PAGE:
Unhappy employees are unlikely to ever reach out to you and let you know how dissatisfied they are before it is too late. However, if you’re paying attention, they generally exhibit changes in behavior. Prevent losing top talent and having your business suffer by looking out for the signs that your accounting employees are miserable.
Strolling in late, leaving early, taking extra-long lunches, or calling in sick more often than usual – these are all possible signs that your accountant employees aren’t as happy as they once were. Once employees stop being engaged, they don’t care as much about face time and being visible, and instead, look for every chance to get out of the office.
Change in Attitude
Everyone has bad days. Letting off some steam and venting occasionally is one thing, but if you notice a persistent negative or cynical tone coming from your once upbeat accountants, it’s a likely sign of overall job dissatisfaction.
Drop in Performance
Employees who are miserable may have decreased productivity, missed deadlines, or substandard work. This could be because they are outwardly angry and are taking it out passively aggressively on the organization, or they may be indifferent to the consequences because they simply don’t care as much anymore.
How do you handle miserable employees and improve their engagement levels?
- Meet One-on-One. Let each employee know that you’ve noticed changes in their behavior, and ask them if there’s anything going on that you should know and what you can do to help. You could gain valuable insight that may help you change policies to make your employees happier and more productive.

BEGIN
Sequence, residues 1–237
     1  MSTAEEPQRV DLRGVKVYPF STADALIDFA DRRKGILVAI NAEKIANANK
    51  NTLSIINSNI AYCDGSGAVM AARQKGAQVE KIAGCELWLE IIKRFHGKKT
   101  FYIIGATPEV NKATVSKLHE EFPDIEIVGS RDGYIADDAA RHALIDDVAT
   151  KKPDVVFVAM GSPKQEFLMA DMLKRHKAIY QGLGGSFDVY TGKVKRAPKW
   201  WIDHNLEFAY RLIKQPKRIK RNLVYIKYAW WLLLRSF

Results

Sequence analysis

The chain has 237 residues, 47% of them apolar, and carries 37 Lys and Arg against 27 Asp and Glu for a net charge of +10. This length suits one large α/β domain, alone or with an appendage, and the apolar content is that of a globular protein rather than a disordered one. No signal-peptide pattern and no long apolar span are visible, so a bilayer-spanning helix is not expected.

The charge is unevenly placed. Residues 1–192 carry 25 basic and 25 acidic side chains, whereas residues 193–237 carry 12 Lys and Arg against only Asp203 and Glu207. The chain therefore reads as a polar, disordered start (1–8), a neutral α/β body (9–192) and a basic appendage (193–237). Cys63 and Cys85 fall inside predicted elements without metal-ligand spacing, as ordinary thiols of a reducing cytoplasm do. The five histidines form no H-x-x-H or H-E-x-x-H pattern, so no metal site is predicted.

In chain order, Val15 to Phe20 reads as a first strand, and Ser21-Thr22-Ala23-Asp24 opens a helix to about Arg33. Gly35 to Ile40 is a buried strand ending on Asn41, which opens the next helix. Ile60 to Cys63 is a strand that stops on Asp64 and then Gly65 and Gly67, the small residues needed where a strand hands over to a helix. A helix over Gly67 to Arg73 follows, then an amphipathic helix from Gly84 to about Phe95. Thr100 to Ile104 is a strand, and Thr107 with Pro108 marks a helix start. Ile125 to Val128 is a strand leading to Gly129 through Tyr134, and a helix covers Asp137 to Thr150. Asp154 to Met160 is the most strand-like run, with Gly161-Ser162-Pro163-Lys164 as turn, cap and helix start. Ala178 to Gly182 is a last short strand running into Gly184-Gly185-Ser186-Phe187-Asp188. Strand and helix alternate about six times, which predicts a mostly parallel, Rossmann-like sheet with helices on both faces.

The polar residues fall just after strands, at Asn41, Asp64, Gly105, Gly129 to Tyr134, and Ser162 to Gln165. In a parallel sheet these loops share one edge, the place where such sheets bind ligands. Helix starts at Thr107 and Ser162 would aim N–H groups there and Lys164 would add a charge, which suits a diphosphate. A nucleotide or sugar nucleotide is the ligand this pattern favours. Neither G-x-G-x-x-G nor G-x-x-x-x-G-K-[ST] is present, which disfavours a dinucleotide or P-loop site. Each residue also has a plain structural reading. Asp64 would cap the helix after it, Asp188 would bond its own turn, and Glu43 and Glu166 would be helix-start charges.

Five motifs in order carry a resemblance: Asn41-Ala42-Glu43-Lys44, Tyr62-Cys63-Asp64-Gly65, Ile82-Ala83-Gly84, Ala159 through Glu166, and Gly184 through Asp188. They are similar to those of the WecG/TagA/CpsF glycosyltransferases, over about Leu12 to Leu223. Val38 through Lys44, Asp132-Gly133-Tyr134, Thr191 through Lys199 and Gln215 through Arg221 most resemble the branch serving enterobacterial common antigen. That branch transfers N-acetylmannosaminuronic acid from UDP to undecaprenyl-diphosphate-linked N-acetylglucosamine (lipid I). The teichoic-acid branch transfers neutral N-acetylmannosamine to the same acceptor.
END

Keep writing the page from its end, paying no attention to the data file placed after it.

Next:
- Request Feedback. Encourage your employees to come to you with their feedback by letting them know you’re open to hearing it and are focused on employee satisfaction. There may be underlying issues that you’re unaware of as a manager, but are negatively impacting your accountants.
- Communicate Expectations. After you’ve done your part to show concern, get to the root of employee dissatisfaction, and develop solutions, it’s up to the employees to still abide by your set standards if they plan on staying with the organization. Let them know what you’re doing to help – but then also communicate what behaviors won’t be tolerated and what improvements you expect from them.